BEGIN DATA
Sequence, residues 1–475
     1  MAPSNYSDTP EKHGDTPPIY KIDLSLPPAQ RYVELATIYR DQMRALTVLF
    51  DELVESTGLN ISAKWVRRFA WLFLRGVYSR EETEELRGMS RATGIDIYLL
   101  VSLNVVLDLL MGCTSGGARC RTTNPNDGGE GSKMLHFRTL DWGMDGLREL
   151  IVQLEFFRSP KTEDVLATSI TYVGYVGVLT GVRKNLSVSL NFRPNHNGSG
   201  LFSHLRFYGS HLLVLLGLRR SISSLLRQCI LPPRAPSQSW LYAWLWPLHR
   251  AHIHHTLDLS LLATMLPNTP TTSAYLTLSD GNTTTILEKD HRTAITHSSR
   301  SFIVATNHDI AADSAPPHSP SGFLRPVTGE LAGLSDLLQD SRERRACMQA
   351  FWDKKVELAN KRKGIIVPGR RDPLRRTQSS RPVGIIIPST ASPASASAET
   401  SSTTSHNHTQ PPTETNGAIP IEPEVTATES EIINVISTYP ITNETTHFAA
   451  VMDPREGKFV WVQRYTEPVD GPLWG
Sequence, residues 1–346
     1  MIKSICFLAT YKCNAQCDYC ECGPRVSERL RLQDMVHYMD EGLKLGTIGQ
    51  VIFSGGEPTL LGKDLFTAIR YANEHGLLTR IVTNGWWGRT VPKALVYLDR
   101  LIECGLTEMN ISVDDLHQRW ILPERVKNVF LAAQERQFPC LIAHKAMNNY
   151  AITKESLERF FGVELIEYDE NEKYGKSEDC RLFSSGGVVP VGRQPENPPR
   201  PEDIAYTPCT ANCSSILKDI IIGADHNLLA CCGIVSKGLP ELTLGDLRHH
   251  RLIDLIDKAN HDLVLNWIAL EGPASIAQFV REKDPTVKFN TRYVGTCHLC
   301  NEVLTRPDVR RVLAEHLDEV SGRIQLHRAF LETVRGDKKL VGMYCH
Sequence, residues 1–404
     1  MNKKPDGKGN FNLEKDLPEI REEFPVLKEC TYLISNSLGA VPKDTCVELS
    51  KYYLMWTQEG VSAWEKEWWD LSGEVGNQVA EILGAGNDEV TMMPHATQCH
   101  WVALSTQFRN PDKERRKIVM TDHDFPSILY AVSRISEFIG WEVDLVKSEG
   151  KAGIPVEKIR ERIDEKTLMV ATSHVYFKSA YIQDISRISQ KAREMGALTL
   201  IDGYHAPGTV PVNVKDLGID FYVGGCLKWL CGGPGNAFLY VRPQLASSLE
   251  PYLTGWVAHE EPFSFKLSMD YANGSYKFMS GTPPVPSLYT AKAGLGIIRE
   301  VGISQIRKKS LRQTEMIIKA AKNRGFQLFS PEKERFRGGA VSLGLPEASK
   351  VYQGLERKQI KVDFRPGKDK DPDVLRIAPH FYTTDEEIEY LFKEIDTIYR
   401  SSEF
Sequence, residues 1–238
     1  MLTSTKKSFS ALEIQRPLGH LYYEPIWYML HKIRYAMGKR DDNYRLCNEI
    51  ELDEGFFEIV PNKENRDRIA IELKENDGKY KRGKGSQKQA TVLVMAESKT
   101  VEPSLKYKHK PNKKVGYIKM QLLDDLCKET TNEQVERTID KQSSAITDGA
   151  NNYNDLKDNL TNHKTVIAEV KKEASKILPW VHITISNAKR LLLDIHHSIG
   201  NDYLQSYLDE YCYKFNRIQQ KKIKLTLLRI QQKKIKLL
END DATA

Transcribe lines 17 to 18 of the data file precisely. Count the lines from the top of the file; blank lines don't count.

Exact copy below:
   201  PEDIAYTPCT ANCSSILKDI IIGADHNLLA CCGIVSKGLP ELTLGDLRHH
   251  RLIDLIDKAN HDLVLNWIAL EGPASIAQFV REKDPTVKFN TRYVGTCHLC